Webb Gives Us a Stunning New Look at This Lonely Dwarf Galaxy: ScienceAlert

Webb Gives Us a Stunning New Look at This Lonely Dwarf Galaxy: ScienceAlert
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James Webb Space Telescope Early Broadcast Science The (ERS) program – first published on July 12, 2022 – has proven to be a treasure trove of scientific findings and breakthroughs.

Among the many research areas it provides is its subject, the Resolved Star Populations (RSTs) study. ERS 1334.

This refers to large groups of stars that are close enough that individual stars can be distinguished, but far enough that telescopes can capture several of them at once. good example, Wolf-Lundmark-Melotte (WLM) Dwarf galaxy adjacent to the Milky Way.

Kristen McQuinn, an assistant professor of astrophysics at Rutgers University, is one of the leading scientists in the Webb ERS program, whose work focuses on RSTs. Lately, Talked to Natasha Piroand NASA senior communications expert on how JWST is enabling new work on WLM.

Webb’s advanced observations revealed that this galaxy did not interact with other galaxies in the past.

According to McQuinn, this makes it a great candidate for astronomers to test their theory of galaxy formation and evolution. Here are the highlights from that interview.

about WLM

WLM is roughly 3 million light-years from Earth, which means it’s pretty close (astronomically) to the Milky Way. However, it is also relatively isolated, leading astronomers to conclude that it has not interacted with other systems in the past.

When astronomers observed other nearby dwarf galaxies, they noticed that they are typically entangled with the Milky Way, suggesting that they are in the process of merging.

This makes it difficult to study them, as populations of stars and gas clouds are indistinguishable from our own.

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Another important thing about WLM is that it is low in heavier elements than hydrogen and helium (very common in the early Universe). Elements such as carbon, oxygen, silicon, and iron formed in the cores of early population stars and were dissipated when these stars exploded in supernovas.

In the case of WLM, which has experienced star formation throughout its history, the force of these explosions pushed these elements out over time. This process is known as “galactic winds” and has been observed in small, low-mass galaxies.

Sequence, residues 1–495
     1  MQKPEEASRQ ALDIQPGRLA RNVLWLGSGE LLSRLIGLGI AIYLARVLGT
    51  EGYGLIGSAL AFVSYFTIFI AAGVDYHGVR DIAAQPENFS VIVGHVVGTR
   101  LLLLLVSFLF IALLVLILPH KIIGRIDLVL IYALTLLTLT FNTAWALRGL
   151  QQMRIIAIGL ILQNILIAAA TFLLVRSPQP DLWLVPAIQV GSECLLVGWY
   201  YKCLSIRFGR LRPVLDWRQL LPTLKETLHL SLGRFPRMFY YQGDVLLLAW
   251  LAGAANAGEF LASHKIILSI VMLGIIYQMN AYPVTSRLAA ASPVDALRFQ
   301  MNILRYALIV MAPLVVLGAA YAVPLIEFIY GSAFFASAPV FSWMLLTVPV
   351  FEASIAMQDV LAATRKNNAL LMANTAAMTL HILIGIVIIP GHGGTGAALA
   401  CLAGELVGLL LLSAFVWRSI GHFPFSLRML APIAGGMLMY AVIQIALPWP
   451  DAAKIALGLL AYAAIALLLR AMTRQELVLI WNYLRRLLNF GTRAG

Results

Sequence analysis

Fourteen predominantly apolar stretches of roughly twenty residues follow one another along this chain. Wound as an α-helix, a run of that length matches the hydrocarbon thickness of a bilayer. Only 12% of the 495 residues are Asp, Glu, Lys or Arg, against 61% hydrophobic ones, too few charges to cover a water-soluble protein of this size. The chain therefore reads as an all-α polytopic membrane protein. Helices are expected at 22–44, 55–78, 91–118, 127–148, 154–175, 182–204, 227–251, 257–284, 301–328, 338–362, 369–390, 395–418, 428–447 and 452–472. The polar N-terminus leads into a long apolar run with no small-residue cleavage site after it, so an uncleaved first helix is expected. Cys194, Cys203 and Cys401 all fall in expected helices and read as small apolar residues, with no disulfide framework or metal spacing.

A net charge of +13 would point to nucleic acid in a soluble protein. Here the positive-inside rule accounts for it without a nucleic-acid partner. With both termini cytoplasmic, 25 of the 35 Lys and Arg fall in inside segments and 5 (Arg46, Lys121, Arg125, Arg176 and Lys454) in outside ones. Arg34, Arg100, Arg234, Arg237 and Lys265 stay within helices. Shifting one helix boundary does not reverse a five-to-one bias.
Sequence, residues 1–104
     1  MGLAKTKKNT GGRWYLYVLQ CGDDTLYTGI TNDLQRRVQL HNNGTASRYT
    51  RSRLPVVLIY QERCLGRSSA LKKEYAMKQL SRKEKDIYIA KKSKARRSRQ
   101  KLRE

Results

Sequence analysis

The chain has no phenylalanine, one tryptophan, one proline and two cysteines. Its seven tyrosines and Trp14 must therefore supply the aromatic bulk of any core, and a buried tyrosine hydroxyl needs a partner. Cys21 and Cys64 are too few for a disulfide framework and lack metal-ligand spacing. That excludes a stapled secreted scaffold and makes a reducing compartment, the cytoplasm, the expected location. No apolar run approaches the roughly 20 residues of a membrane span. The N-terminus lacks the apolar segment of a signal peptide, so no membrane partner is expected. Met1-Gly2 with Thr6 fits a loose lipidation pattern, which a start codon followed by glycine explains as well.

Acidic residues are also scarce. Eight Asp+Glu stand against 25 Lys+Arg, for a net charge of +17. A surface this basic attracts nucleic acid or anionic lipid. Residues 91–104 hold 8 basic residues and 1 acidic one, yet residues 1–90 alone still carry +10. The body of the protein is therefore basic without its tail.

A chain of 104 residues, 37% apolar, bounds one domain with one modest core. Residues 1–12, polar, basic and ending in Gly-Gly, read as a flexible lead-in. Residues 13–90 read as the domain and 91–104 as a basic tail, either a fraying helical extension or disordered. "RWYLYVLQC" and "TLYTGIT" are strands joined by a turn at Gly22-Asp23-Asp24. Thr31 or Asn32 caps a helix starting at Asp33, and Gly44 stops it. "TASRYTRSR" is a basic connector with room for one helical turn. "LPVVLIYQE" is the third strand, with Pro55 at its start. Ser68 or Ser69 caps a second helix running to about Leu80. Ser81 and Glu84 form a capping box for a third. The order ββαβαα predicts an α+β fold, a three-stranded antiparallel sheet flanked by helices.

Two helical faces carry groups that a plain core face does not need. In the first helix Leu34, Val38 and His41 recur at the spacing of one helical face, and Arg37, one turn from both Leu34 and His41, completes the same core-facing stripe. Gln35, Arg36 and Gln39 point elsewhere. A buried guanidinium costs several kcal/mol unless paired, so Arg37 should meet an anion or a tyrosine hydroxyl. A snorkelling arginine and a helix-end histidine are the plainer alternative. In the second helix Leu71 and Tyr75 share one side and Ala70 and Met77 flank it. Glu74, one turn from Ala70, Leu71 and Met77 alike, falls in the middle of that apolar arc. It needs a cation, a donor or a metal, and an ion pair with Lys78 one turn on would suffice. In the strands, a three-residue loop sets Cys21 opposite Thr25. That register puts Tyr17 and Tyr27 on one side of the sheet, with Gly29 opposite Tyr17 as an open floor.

JWST Images

New Webb images provide the clearest WLM view ever seen. Previously, the dwarf galaxy, Infrared Array Camera (IAC) on Spitzer Space Telescope (SST).

These provided limited resolution compared to the Webb images visible in a side-by-side comparison (shown below).

Side-by-side comparison of photographs of the dwarf galaxy Wolf–Lundmark–Melotte.
Part of the dwarf galaxy Wolf–Lundmark–Melotte (WLM) captured by the Spitzer Space Telescope’s Infrared Array Camera (left) and the James Webb Space Telescope’s Near Infrared Camera (right). (NASA, ESA, CSA, IPAC, Kristen McQuinn (RU)/Zolt G. Levay (STScI), Alyssa Pagan (STScI))

As you can see, Webb’s infrared optics and advanced toolset provide a much deeper view that allows individual stars and features to be distinguished. As McQuinn describes:

“We can see countless individual stars of different colors, sizes, temperatures, ages, and evolutionary stages; interesting nebula gas clouds within the galaxy; foreground stars with Webb’s diffraction spikes and background galaxies with neat features, such as tidal tails. It’s a truly spectacular view. “

ERS Program

As McQuinn explains, the main scientific focus of ERS 1334 is to build on previous expertise developed with Spitzer, Hubble, and other space telescopes to learn more about the history of star formation in galaxies.

Specifically, they run deep multiband imaging of three resolved star systems within one Megaparsec (~3,260 light-years) of Earth using Webbs. Near Infrared Camera (NIRCam) and Near Infrared Imaging Slitless Spectrograph (NIRIS).

These include the globular cluster M92ultra-dim dwarf galaxy Draco IIand the star-forming WLM dwarf galaxy.

The population of low-mass stars in the WLM makes it particularly interesting because of their very long lifetimes, meaning that some of the stars seen there today may have formed in the early Universe.

“By determining the properties (such as their age) of these low-mass stars, we can gain insight into what happened in the very distant past,” McQuinn said.

“It’s very complementary to what we’ve learned about the early formation of galaxies. high redshift systemswhere we see galaxies as they were when they first formed.”

Another goal is to use the WLM dwarf galaxy to calibrate the JWST to make sure it can measure the brightness of stars with extreme accuracy, which will enable astronomers to test models of stellar evolution in the near infrared.

McQuinn and colleagues are also developing and testing non-proprietary software that will be made publicly available to measure the brightness of resolved stars imaged with NIRCam.

The results of the ESR projects will be announced before the 2nd Cycle Call for Proposals (27 January 2023).

The James Webb Space Telescope has been in space for less than a year but has already proven invaluable. The breathtaking views of the cosmos it provides include deep-field images, highly accurate observations of galaxies and nebulae, and detailed spectra from extrasolar planet atmospheres.

The scientific breakthroughs he had already allowed were nothing short of groundbreaking. Before his planned 10-year mandate ends (may be extended to 20), some truly paradigm-shifting breakthroughs are expected.

This article was originally published by Universe Today. To read original article.

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